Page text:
Barossa strong

Justine, Andreas, and Stephen Henschke; Henschke’s senior winemaker, Paul Hampton; Prue Henschke; Eperosa winemaker, Brett Grocke; Brothers at War winemaker, Angus Wardlaw; and Seppeltsfield chief winemaker, Fiona Donald celebrate their achievements in the 2021 Halliday Wine Companion Awards.

The roof of Henschke was lucky to survive last Wednesday night as the Keyneton winery was announced as the 2021 Winery of the Year in the prestigious Halliday Wine Companion Awards.

Prue and Stephen Henschke invited their staff for a dinner to watch the presentation, streamed online for the first time to combat coronavirus restrictions, and according to Prue, response to the announcement was thunderous.

“The roof just about lifted off!” Prue laughed.

“We’re really thrilled, because it’s been such an awful year, climate-wise and then the loss of one of our vineyards (in the Cudlee Creek fire). 

“Being recognised as Winery of the Year has topped it. It’s a big deal!”

Another Barossan to win a major award was Brett Grocke of Eperosa in Tanunda, being named as Winemaker of the Year.

“I’m very excited. It’s a little bit surreal and also incredibly humbling,” said Brett, a trained viticulturist who put his win down to the synergy his label carries from vine to wine.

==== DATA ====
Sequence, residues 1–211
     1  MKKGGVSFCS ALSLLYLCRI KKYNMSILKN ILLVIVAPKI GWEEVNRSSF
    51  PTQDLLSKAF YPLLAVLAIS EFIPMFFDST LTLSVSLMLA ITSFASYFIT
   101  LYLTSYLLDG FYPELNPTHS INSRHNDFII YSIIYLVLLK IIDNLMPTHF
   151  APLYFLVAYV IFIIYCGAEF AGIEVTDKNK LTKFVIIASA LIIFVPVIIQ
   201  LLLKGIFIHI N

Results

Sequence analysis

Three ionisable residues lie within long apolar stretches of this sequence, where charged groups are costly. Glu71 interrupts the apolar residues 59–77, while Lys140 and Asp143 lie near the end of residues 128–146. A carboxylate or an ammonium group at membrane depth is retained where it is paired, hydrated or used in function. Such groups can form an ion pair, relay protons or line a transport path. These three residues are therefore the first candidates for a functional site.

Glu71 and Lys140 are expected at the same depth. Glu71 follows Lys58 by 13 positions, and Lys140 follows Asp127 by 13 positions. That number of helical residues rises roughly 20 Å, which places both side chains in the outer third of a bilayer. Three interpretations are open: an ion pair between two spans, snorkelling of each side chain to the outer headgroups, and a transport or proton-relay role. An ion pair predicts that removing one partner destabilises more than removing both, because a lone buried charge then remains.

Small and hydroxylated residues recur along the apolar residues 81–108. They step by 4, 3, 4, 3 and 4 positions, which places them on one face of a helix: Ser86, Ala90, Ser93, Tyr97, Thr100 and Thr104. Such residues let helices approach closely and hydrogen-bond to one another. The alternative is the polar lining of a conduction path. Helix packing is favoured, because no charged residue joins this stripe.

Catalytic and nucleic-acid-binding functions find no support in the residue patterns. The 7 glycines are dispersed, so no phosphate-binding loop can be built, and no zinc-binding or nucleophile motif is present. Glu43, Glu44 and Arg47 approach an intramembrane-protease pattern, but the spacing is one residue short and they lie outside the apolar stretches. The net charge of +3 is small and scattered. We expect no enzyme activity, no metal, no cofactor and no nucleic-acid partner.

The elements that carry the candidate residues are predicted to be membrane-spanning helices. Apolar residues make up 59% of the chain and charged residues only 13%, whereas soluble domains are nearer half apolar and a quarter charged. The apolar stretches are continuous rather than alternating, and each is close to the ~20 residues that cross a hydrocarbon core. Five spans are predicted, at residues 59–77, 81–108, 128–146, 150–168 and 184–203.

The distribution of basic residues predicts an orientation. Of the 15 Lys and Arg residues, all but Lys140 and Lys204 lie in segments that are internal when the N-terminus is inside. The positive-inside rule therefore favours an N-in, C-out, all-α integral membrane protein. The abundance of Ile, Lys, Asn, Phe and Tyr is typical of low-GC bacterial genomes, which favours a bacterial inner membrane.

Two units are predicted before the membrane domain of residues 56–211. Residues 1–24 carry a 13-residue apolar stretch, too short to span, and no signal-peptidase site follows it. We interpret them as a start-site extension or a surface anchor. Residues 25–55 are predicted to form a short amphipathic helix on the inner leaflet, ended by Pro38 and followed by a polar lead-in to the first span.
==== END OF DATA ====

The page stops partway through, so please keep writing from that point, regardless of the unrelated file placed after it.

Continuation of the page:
“You can’t make great wine without fantastic fruit basically. It’s from the soil up; healthy soil, healthy vines, healthy fruit, great wine.”

Among the 2021 varietal winners was Eden Valley’s 2018 Brothers at War Single Vineyard Grenache, which scored 99 points in the Grenache and Blends category.

The 1920 Seppeltsfield 100-year-old Para Liqueur secured Seppeltsfield’s 14th year in a row of earning top honour in the Fortified category with 100 points.

Brothers at War winemaker, Angus Wardlaw and senior winemaker at Seppeltsfield, Fiona Donald both expressed their delight in the wins, a particularly exciting moment for Angus, receiving a Halliday gong for the first time.

With two out of the six major awards and two from the 16 varietal winners hailing from the region this year, the Barossa was well represented, particularly during a year that recorded yields down by 60-70 percent.

“It validates our position in the market place and how we’re recognised worldwide,” said Prue of the Barossa’s success.

“It’s good to have our iconic James Halliday recognising us in such a way. It’s really strong.”

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